Such diagnosis is permissible, with the consent of the parents after they have been adequately informed, if the methods employed safeguard the life and integrity of the embryo and the mother, without subjecting them to disproportionate risks. (27) But this diagnosis is gravely opposed to the moral law when it is done with the thought of possibly inducing an abortion, depending upon the results: a diagnosis which shows the existence of a malformation or a hereditary illness must not be the equivalent of a death-sentence. Thus a woman would be committing a gravely illicit act if she were to request such a diagnosis with the deliberate intention of having an abortion should the results confirm the existence of a malformation or abnormality. The spouse or relatives or anyone else would similarly be acting in a manner contrary to the moral law if they were to counsel or impose such a diagnostic procedure on the expectant mother with the same intention of possibly proceeding to an abortion. So too the specialist would be guilty of illicit collaboration if, in conducting the diagnosis and in communicating its results, he were deliberately to contribute to establishing or favoring a link between prenatal diagnosis and abortion.

In conclusion, any directive or program of the civil and health authorities or of scientific organizations which in any way were to favor a link between prenatal diagnosis and abortion, or which were to go as far as directly to induce expectant mothers to submit to prenatal diagnosis planned for the purpose of eliminating fetuses which are affected by malformations or which are carriers of hereditary illness, is to be condemned as a violation of the unborn child's right to life and as an abuse of the prior rights and duties of the spouses.



3. Are Therapeutic Procedures Carried Out on the Human Embryo Licit?

As with all medical interventions on patients, one must uphold as licit procedures carried out on the human embryo which respect the life and integrity of the embryo and do not involve disproportionate risks for it but are directed towards its healing, the improvement of its condition of health, or its individual survival.

Whatever the type of medical, surgical or other therapy, the free and informed consent of the parents is required, according to the deontological rules followed in the case of children. The application of this moral principle may call for delicate and particular precautions in the case of embryonic or fetal life.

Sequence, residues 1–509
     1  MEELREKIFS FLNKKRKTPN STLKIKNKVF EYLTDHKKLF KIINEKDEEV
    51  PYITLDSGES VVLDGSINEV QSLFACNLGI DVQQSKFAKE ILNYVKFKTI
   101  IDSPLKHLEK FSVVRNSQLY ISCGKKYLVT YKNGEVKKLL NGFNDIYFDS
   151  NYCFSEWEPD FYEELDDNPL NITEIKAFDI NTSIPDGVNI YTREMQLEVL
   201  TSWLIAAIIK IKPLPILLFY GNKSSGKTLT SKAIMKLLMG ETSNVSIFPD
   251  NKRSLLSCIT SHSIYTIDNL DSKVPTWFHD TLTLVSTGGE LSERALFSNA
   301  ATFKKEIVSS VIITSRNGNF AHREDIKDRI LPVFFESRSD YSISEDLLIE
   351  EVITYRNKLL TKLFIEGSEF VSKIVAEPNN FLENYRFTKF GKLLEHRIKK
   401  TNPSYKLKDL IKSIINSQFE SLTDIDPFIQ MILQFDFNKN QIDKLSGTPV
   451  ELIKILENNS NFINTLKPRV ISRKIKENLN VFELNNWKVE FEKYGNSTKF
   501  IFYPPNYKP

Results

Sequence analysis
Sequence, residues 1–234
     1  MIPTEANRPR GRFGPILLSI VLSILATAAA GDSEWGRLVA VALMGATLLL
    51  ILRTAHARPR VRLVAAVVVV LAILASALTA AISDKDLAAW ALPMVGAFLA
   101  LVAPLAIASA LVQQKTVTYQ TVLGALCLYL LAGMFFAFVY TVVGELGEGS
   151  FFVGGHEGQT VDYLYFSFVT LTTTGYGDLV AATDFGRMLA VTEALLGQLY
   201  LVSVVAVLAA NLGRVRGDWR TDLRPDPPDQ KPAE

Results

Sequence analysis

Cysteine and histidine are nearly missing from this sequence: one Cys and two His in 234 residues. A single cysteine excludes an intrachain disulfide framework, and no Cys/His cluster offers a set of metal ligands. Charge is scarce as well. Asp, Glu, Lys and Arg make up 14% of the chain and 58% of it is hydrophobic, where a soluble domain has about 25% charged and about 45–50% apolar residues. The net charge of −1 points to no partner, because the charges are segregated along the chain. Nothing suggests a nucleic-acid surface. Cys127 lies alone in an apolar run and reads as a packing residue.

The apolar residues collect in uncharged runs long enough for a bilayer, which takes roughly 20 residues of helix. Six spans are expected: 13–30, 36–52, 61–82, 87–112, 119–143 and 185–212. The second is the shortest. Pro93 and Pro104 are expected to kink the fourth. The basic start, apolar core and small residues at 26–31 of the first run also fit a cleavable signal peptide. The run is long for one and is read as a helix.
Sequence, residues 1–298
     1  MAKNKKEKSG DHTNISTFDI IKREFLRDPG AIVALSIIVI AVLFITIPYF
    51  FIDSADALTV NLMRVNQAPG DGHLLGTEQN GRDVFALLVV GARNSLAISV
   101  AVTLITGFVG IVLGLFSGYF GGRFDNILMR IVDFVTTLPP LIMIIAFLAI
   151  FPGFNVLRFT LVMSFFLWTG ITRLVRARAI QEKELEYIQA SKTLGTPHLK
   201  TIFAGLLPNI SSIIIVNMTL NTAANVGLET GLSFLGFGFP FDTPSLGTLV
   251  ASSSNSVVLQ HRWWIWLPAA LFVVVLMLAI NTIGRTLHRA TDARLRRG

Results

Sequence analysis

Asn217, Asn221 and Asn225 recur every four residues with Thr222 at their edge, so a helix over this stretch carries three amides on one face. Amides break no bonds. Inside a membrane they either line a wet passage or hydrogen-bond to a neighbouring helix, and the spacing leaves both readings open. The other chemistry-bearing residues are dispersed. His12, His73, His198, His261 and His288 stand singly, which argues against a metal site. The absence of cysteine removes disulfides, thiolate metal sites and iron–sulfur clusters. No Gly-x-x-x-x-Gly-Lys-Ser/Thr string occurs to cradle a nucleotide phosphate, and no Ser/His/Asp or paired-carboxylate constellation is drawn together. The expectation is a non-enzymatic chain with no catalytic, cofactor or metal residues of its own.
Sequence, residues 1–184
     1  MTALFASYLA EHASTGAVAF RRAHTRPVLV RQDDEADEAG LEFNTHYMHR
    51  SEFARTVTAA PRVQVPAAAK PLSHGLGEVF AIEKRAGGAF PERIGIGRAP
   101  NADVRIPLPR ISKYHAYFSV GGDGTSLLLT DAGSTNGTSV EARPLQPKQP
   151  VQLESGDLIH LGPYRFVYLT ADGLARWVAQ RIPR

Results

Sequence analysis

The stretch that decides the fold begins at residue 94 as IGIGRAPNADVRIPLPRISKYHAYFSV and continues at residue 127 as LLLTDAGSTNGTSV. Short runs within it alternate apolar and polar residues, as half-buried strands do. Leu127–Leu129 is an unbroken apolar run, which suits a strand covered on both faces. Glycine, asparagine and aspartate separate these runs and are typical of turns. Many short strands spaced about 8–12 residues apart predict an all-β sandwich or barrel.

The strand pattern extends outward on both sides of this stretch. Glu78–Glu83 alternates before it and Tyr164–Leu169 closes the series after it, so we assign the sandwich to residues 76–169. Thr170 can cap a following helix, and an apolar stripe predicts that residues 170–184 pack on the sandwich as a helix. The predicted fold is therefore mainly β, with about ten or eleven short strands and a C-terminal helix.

The legitimacy and criteria of such procedures have been clearly stated by Pope John Paul II: "A strictly therapeutic intervention whose explicit objective is the healing of various maladies such as those stemming from chromosomal defects will, in principle, be considered desirable, provided it is directed to the true promotion of the personal well-being of the individual without doing harm to his integrity or worsening his conditions of life. Such an intervention would indeed fall within the logic of the Christian moral tradition." (28)



4. How Is One Morally To Evaluate Research and Experimentation on Human Embryos and Fetuses?

Medical research must refrain from operations on live embryos, unless there is a moral certainty of not causing harm to the life or integrity of the unborn child and the mother, and on condition that the parents have given their free and informed consent to the procedure. It follows that all research, even when limited to the simple observation of the embryo, would become illicit were it to involve risk to the embryo's physical integrity or life by reason of the methods used or the effects induced.

As regards experimentation, and presupposing the general distinction between experimentation for purposes which are not directly therapeutic and experimentation which is clearly therapeutic for the subject himself, in the case in point one must also distinguish between experimentation carried out on embryos which are still alive and experimentation carried out on embryos which are dead. If the embryos are living, whether viable or not, they must be respected just like any other human person; experimentation on embryos which is not directly therapeutic is illicit. (29)

No objective, even though noble in itself, such as a foreseeable advantage to science, to other human beings or to society, can in any way justify experimentation on living human embryos or fetuses, whether viable or not, either inside or outside the mother's womb. The informed consent ordinarily required for clinical experimentation on adults cannot be granted by the parents, who may not freely dispose of the physical integrity or life of the unborn child. Moreover, experimentation on embryos and fetuses always involves risk, and indeed in most cases it involves the certain expectation of harm to their physical integrity or even their death.

To use human embryos or fetuses as the object or instrument of experimentation constitutes a crime against their dignity as human beings having a right to the same respect that is due to the child already born and to every human person.